- مبلغ: ۸۶,۰۰۰ تومان
- مبلغ: ۹۱,۰۰۰ تومان
Individual differences in motivation, social engagement, and self-regulation help explain variation in academic outcomes. But less is known about how school context relates to these psychosocial factors (PSFs) and whether it moderates the relationships between PSFs and outcomes. We defined school context as the union of school characteristics (e.g., school size, poverty concentration) and school climate (students' perceptions of relationships with school personnel and school safety). We examined these relationships in a large sample of 6th–9th graders. We also examined how school context relates to measures of student PSFs, and whether it moderates the relationships between PSFs and academic outcomes. School poverty concentration was negatively related to students' perceptions of school safety, and to a lesser extent, perceptions of relationships with school personnel. Students in lower grades had lower perceptions of school climate. Neither the locale of the school nor the concentration of racial/ethnic minority students was related to climate. Higher school safety was positively related to higher motivation, self-regulation, and social engagement. PSF scores were predictive of educational outcomes in the expected directions (e.g., positively predicted grades and standardized test scores; negatively predicted suspension from school and absences). There was little evidence of moderation by school context on outcomes.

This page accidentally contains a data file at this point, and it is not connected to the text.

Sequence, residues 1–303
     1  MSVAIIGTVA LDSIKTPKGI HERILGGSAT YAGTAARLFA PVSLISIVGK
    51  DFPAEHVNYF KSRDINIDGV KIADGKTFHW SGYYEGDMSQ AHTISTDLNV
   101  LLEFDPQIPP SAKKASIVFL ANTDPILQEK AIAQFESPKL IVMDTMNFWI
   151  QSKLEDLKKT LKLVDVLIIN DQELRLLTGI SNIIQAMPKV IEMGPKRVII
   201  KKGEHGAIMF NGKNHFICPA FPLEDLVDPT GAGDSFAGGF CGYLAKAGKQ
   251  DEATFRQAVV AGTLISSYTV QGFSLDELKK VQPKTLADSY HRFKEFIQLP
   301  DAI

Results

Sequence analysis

This study is among the first to examine the relationship between school context variables and PSFs, and whether they interact to explain academic outcomes. There were a number of interesting relationships between PSFs and school context variables, as well as between those variables and outcomes. However, the interactions were less substantial than the main effects, supporting the importance of PSFs across school contexts. Future research can further explore the nature of these relationships by building on these findings and addressing the limitations of this study.